An O.E.M. tension-leveling line entry bridle on a tension-leveler was configured for operation with both architectures (Figures 2 and 6). The motor torque was calculated from armature current and filtered through a 2-pole Butterworth filter with a corner frequency of 62 [rad/sec] (10 [Hz]). The line speed was calculated from speed feedback [r.p.m.] and also filtered through a 10 [Hz] 2-pole Butterworth filter. 12 [mill] x 36 [in] aluminum strip was processed through the leveler at 2 [ft/min]. Figures 15 and 16 represent speed and torque for the architecture in Figure (2). Figures 17 and 18 represent speed and torque for the architecture in Figure (6).

Figure 15. Line Speeds - Figure 2 Architecture

Figure 16. Motor Torques - Figure 2 Architecture

Figure 17. Line Speeds - Figure 6 Architecture

The bandwidth of the speed regulator driving roll 4 for the results in Figures 15 and 16 was approximately 10 [rad/sec]. The bandwidth of the speed regulators on all 4-rolls for the results in Figures 17 and 18 was approximately 30 [rad/sec]. The improvement in speed regulation is clearly evident when the CCL architecture is employed.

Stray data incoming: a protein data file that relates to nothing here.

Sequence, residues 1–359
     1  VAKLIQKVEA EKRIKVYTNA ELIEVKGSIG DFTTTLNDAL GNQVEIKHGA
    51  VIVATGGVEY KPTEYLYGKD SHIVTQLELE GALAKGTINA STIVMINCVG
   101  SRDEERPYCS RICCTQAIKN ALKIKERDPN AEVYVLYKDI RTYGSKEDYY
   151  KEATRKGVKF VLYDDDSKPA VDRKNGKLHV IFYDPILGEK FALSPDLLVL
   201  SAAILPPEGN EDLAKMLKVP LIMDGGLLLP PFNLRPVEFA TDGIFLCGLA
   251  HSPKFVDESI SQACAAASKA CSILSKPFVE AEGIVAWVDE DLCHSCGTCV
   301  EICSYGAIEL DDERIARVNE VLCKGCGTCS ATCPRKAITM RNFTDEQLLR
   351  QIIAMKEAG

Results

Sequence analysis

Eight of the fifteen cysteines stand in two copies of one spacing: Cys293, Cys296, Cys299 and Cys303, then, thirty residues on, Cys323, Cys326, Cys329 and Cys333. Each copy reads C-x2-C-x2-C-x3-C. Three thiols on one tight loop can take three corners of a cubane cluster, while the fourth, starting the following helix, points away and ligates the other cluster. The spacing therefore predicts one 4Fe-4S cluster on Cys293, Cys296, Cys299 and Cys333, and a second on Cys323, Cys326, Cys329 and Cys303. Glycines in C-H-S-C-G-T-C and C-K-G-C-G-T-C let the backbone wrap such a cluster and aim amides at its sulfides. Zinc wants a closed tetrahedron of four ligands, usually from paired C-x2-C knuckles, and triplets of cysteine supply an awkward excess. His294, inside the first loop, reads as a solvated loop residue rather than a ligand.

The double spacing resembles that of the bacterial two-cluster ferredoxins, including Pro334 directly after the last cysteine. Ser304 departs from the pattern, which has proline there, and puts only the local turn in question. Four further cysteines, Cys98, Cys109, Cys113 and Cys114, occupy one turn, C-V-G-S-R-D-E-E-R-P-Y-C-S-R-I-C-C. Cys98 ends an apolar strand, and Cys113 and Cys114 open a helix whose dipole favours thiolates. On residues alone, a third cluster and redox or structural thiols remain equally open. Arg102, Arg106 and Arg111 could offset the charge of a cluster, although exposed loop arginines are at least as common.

Figure 18. Motor Torques - Figure 6 Architecture


Significant improvements in bridle speed-loop bandwidths and speed regulation can be realized with the CCL architecture in multi-roll bridles. It is not unrealistic to expect a 3 to 4 fold increase in speed-loop bandwidth, drive-train integrity permitting, over those possible with the architecture presented in Figure 2. For bridle applications where excellent low-speed regulation is critical to product quality, the CCL architecture should be considered.


[1] Boulter, B.T., "Diameter Sizing of Rolls in Bridles That Utilize Powder Clutches ", I.E.E.E. I.A.S. Transactions , pp 2537-2540, March 1997.

[2] Hess, D.P., Soom, A. "Friction at a Lubricated Line Contact Operating at Oscillating Sliding Velocities" Journal of Tribology Transactions of the A.S.M.E. Vol 112, pp 147-152, 1992.

[3] Majd, V.J.. Simaan M. A., "A Continuous Friction Model For Servo Systems With Stiction", Proceedings of the 4th I.E.E.E. Conference on Control Applications, Albany NY. 1996.

[4] Carter, W.C., "Reducing Transient Strains in Elastic Processes" , Control Engineering Mar. 1965. pp. 84-87.

[5] Lin, K., "WTS 6.0 A Computer-Based Analysis Program For Multi-Span Web Transport Systems", Oklahoma State University WHRC, 1994.

[6] Wolferman, W., "Tension Control of Webs - A Review of the Problems and Solutions in the Present and Future", Tab 15, Proceedings of the 3rd International Web Handling Conference, Tab 17, Oklahoma State University June 1995.

[7] Boulter, B.T., "The Effect of Speed-loop Bandwidths and Line Speed on System Eigenvalues in Multi-Span Web Transport Systems", Proceedings of the 32nd. I.E.E.E. I.A.S Conference, September 1997.